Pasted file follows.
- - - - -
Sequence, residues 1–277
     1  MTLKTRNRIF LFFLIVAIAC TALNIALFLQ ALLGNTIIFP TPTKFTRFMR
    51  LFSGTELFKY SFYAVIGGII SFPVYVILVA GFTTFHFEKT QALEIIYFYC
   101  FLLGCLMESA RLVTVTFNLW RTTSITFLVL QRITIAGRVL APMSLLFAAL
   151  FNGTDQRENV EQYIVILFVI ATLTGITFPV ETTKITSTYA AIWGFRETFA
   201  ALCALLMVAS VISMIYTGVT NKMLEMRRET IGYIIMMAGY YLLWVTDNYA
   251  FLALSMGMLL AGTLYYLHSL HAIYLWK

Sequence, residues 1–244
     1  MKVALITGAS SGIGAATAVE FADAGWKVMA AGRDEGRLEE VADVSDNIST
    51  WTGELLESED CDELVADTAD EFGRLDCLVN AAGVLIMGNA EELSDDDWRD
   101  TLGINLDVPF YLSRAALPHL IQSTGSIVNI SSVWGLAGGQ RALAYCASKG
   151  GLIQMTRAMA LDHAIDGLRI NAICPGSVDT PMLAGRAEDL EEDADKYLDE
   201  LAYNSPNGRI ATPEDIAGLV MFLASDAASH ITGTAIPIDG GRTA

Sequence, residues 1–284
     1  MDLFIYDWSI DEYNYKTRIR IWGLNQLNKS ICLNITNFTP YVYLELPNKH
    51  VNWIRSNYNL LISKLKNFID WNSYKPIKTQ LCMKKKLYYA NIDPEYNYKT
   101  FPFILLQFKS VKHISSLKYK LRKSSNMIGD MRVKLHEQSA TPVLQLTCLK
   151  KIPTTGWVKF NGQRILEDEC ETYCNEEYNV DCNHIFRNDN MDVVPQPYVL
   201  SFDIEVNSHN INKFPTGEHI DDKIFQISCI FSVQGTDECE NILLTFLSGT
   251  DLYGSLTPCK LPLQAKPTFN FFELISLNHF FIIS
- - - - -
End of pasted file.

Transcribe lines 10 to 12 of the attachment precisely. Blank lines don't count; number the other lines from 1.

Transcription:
    51  WTGELLESED CDELVADTAD EFGRLDCLVN AAGVLIMGNA EELSDDDWRD
   101  TLGINLDVPF YLSRAALPHL IQSTGSIVNI SSVWGLAGGQ RALAYCASKG
   151  GLIQMTRAMA LDHAIDGLRI NAICPGSVDT PMLAGRAEDL EEDADKYLDE